In many ways, Vella Raja is similar to Sacred Games. If the latter was Netflix’s card for Indian audiences, the former plays the same role for Amazon Prime Originals with respect to the Tamil audiences. Both deal with a mafia don, whose existence is in question. Old cases are being dusted up. There are women officers in charge, calling the shots. However, Vella Raja only seems like a meek slap to the cheek, while Sacred Games was a harder punch to the gut. The series has potential, but not the power to make you quiver.
This isn’t due to lack of form. The first episode opens at its prime location, Bawa Lodge (if the name sounds familiar, it is from Thiagarajan Kumararaja’s Aaaranya Kandam). After sounds of gunshots, the camera carefully follows the police in to stumble upon an injured woman, whose identity is hidden from the viewer. As you are wondering who it could be, director Guhan Senniappan and editor Philomine Raj cut to the introductory promo. This turns out to be a pattern; quite a clever way to build the suspense, I must say. But the build-up fizzles out as the series sinks its teeth into the narrative. Vella Raja is an ideal cat-and-mouse game between a cop, Teresa (Parvatii Nair) and a don, Deva (Bobby Simha). It is ironic that while other, comparatively smaller characters get well-fleshed out journeys, the big two only get expository dialogues. Teresa ‘narrates’ her 25 transfers and Deva’s story seems to have inspired the introduction animation. Boxed into a single emotion, you don’t get to see them validate the decorated fables they bring as history. Teresa lacks the range of Anjali Mathur (Sacred Games), and Deva that of Ganesh Gaitonde.
Cast: Bobby Simha, Parvatii Nair, Gayathrie
Director: Guhan Senniappan
And Guhan bites off more than he can chew with the stories that do get told. We have a lawyer who is waging a war against an industrial company (a reference to Sterlite maybe?) There are two children who are about to play a game show to raise funds to rebuild their school that was ravaged by natural calamity. These stories ring true, but to what effect? If you look at whether their struggles add more to Vella Raja’s story, the answer is no. There are a few other narratives that don’t particularly make sense and don’t blend into the narrative either. Why waste time on them when more could have been done to establish the characters who actually matter?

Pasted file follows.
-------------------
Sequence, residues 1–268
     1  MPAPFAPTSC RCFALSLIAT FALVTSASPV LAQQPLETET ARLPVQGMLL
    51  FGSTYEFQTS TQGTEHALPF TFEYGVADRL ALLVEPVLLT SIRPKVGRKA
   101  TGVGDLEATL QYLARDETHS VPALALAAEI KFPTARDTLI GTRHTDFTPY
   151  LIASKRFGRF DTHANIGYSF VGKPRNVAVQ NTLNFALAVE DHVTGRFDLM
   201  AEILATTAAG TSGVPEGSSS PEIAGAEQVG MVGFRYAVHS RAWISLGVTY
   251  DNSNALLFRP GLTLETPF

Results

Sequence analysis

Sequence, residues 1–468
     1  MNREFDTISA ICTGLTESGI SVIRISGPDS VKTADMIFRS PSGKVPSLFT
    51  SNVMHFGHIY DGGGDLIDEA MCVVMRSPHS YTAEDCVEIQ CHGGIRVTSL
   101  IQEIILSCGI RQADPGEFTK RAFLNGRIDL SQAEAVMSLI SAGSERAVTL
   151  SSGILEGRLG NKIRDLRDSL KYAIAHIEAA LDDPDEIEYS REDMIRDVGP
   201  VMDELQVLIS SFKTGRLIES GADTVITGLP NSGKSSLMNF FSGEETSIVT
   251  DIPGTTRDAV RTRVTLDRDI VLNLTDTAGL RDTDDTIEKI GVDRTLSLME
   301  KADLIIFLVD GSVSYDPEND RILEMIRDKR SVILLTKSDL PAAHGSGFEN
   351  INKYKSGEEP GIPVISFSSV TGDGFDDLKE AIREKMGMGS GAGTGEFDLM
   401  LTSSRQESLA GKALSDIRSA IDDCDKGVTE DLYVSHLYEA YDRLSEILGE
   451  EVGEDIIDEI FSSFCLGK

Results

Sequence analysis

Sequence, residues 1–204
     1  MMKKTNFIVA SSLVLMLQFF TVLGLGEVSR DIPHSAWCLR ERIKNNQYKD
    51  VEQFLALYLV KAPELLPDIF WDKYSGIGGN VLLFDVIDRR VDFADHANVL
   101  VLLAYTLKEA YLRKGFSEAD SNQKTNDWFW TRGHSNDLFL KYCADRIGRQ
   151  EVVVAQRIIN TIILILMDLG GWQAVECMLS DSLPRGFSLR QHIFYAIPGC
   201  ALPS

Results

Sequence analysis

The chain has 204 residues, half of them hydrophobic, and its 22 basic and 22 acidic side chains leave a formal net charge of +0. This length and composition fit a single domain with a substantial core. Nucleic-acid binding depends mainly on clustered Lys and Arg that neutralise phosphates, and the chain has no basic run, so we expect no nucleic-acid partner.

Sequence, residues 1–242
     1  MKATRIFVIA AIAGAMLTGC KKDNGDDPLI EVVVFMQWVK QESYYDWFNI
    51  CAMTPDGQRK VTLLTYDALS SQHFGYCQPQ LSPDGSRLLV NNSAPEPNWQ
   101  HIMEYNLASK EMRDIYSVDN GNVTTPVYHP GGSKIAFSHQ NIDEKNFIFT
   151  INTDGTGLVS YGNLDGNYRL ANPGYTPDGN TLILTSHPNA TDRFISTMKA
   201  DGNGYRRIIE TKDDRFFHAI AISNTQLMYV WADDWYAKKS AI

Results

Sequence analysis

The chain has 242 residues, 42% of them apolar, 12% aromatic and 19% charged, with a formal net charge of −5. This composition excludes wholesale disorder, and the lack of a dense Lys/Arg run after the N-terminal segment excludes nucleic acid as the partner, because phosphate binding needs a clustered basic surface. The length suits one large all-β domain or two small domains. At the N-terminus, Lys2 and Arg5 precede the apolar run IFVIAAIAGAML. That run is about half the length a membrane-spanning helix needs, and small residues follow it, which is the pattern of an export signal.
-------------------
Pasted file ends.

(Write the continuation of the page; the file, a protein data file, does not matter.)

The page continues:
The performances don’t really help either. Guhan’s calculative, cold, ruthless, green-tea drinking sophisticated cop is interestingly named Teresa. But Parvatii never quite transforms into the Kaali whom she is framed against in a scene. She partially manages the swagger, but the action shots see her visibly out-of-sync. The dubbing doesn’t help either. Bobby Simha, on the other hand, seems to be getting the same role over and over again as the don who is consumed by greed and ambition. Gayathrie, who plays the lawyer, delivers the most convincing performance of the lot.
Vishal Chandrasekhar’s interesting soundtrack creates the mood more than the screenplay. However, it does ruin the element of surprise at more than one place.
Vella Raja is based on the perennial nature of the battle between the good and the bad. Batons are passed, the soldiers change, but the battle goes on. With several references to spirituality, (one explicit case has a spiritually enlightened character becoming the person who neutralises the war), Vella Raja seems like a folklore that unfolds in the underworld. Now that’s an interesting premise. Too bad it fails to go beyond that.
This was originally written for The New Indian Express.You can find it here.
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